This section of the Restatement 2d has long been a topic of debate because many legal experts felt that there should be an obligation on the part of the company to fix any defects in the product, rather than escape liability simply through a warning. As a result, the Restatement of Product Liability (3d) provides:

When a safer design can reasonably be implemented and risks can reasonably be designed out of a product, adoption of the safer design is required over a warning that leaves a significant residuum of such risks.

Warnings may no longer be a complete defense under the Restatement 3d. The following cases offer some insight into how the courts are proceeding with the new doctrine.

Uniroyal Goodrich Tire Co. v. Martinez, 977 S.W.2d 328 (Tex. 1998); cert. Denied, 526 U.S. 1040 (1999) - in this case, the plaintiff had ignored numerous conspicuous warnings about the risks of placing a 16-inch tire on a 16.5-inch rim and the result was a tire explosion in which he was injured. His failure to heed the warnings was not a defense because the court held that the company could design a safer product.

Rogers v. Ingersoll-Rand Co., 144 F.3d 844 (D.C. Cir. 1998) - the court held that a manufacturer could not simply "slap a warning onto a product" and eliminate liability. The warning, the court held, is simply one factor in determining liability.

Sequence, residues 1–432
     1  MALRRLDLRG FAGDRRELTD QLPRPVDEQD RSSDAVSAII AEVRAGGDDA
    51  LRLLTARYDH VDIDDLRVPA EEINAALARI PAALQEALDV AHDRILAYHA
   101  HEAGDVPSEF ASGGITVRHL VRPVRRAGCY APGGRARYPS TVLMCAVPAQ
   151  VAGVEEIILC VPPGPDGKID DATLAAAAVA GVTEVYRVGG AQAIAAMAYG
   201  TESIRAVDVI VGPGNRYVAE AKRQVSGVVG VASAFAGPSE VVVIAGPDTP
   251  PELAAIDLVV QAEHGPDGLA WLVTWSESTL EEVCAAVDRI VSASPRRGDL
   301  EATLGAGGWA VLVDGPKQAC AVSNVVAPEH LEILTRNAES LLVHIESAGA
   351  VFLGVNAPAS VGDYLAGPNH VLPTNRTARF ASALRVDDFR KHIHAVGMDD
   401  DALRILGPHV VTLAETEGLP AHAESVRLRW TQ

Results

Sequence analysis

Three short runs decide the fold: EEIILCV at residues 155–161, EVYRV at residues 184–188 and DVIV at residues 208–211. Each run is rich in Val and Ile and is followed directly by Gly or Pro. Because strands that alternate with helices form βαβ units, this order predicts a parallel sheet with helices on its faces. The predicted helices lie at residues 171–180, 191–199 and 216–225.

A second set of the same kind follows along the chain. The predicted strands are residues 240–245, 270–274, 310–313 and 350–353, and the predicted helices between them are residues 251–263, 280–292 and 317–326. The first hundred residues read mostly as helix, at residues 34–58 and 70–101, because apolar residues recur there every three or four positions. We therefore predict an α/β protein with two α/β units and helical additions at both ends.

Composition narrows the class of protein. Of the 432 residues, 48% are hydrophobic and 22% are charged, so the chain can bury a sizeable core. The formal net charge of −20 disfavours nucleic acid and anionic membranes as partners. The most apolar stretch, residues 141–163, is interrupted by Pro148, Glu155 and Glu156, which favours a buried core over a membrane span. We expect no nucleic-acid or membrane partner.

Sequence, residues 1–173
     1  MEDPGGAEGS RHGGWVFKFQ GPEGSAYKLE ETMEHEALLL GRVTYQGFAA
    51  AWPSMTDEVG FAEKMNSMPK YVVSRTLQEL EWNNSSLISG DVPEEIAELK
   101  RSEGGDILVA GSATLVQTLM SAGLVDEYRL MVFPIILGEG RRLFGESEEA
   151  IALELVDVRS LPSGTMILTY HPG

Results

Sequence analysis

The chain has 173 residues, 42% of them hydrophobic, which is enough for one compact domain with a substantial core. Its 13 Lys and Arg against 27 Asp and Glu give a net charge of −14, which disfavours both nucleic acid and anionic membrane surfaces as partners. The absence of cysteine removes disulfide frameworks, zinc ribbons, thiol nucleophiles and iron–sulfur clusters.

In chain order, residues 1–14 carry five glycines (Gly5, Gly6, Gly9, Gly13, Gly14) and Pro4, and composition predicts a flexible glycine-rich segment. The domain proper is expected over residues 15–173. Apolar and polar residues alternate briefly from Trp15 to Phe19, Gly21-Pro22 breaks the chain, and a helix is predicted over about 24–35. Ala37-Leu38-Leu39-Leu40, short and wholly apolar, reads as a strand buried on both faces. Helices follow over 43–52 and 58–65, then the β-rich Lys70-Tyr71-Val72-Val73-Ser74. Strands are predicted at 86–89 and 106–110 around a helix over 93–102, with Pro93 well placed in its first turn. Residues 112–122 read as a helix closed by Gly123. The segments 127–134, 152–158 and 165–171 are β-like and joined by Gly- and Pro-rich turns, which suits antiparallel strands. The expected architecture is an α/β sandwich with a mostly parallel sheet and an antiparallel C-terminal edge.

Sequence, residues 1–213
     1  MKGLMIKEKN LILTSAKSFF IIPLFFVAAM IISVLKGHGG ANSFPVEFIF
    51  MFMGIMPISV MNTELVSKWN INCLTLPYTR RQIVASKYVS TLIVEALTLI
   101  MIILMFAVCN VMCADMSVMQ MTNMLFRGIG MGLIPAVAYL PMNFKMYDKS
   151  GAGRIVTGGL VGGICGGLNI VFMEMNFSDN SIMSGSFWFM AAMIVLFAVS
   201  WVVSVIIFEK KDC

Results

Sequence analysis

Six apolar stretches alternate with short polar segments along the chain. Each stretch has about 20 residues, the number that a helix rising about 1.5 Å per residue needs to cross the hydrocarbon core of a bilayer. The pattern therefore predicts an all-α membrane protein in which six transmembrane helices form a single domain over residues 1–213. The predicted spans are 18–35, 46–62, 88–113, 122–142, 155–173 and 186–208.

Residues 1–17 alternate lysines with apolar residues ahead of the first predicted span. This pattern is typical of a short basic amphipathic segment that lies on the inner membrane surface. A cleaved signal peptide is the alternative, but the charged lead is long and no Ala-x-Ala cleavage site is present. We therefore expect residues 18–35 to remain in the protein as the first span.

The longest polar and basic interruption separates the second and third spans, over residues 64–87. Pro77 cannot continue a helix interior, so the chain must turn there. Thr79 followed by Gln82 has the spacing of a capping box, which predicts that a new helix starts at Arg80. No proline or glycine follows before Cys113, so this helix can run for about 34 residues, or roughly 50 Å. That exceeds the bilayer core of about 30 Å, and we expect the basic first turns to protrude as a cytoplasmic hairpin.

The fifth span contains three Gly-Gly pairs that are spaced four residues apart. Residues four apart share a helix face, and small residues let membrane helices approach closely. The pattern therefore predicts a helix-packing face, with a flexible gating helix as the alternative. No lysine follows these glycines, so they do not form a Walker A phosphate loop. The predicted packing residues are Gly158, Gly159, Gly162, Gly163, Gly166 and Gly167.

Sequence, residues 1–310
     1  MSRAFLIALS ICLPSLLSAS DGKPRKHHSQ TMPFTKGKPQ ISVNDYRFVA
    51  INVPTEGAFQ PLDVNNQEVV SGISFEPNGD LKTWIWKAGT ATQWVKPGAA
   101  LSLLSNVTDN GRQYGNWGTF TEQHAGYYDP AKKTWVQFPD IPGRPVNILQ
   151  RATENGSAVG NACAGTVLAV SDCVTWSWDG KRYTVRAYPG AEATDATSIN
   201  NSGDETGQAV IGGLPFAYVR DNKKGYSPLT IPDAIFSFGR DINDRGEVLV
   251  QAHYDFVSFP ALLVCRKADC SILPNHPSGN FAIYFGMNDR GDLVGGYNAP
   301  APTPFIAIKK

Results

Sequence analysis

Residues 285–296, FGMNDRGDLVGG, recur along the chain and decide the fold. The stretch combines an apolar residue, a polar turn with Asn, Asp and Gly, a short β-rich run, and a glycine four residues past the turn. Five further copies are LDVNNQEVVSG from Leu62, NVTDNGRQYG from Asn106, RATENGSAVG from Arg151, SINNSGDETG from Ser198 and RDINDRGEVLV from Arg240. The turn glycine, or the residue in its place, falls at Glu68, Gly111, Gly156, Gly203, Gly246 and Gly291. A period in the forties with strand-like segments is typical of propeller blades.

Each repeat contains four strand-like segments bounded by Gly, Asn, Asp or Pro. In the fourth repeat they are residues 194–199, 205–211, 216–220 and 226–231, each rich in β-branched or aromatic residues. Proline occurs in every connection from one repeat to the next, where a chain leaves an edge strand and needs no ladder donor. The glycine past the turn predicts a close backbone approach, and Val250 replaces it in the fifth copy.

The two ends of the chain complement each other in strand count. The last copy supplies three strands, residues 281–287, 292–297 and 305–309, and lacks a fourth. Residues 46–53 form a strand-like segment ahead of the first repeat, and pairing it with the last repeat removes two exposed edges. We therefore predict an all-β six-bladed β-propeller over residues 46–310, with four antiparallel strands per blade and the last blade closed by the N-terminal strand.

Kampen v. American Isuzu Motors, Inc., 157 F.3d 306 (5ht Cir. 1998), the court held that the auto manufacturer was not liable to the plaintiff who was injured when his car, which he had lifted up on a jack, collapsed on him. The court held that there had been sufficient warnings to car owners not to crawl under a vehicle hoisted by a jack. It may be significant that there is no way to design a jack that would be fool-proof in terms of the car falling off.

Keene v. Sturm, Ruger & Co., 121 F. Supp. 2d 1063 (E.D. Texas 2000), the court held that the gun manufacturer was not liable for the death of a 10-year-old child at the hands of a 12-year-old because a gun's use cannot be made safer and the presence of a trigger lock as part of the design was not required.

Smith v. Louisville Ladder Co., 237 F.3d 521 (5th Cir. 2001) - The court held that there was no way to design a commercial ladder that did not have the risk of the two tiers of the ladder collapsing and that there was no duty to warn of such collapse because such knowledge was common among commercial ladder users, including cable TV installers, which was the plaintiff's line of work.

As you can see, the courts are in different camps on the application of the new Restatement in terms of warnings and liability and correction of defects.

Refer to Chapter 27.


See cases

Warren Lutz, "Liability May Arise Despite Warnings," National Law Journal, April 1, 2002, B1, B17, B18.

Update: April 8, 2002
David A. Vise is a Putlitzer Prize winner who is a reporter for the Washington Post and wrote a book entitled, The Bureau and the Mole. When the book hit the market, Mr. Vise purchased 20,000 copies via Barnes &, taking advantage of both free shipping offered by the publisher and a discounted initial price. Mr. Vise's book had already hit the New York Times' bestseller list in the week before the purchases.